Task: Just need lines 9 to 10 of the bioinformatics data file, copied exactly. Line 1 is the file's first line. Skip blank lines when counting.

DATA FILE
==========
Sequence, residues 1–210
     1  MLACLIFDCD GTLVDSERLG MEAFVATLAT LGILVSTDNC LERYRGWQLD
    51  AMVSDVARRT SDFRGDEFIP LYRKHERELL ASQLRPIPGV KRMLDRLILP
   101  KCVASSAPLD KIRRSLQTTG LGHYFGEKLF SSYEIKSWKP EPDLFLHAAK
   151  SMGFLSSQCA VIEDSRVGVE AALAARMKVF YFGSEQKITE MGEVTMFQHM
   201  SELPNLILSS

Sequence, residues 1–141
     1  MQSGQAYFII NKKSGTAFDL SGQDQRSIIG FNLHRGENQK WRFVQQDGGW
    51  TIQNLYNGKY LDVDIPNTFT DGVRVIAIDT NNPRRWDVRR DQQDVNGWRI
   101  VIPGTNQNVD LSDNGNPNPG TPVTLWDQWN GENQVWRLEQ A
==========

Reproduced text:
    51  TIQNLYNGKY LDVDIPNTFT DGVRVIAIDT NNPRRWDVRR DQQDVNGWRI
   101  VIPGTNQNVD LSDNGNPNPG TPVTLWDQWN GENQVWRLEQ A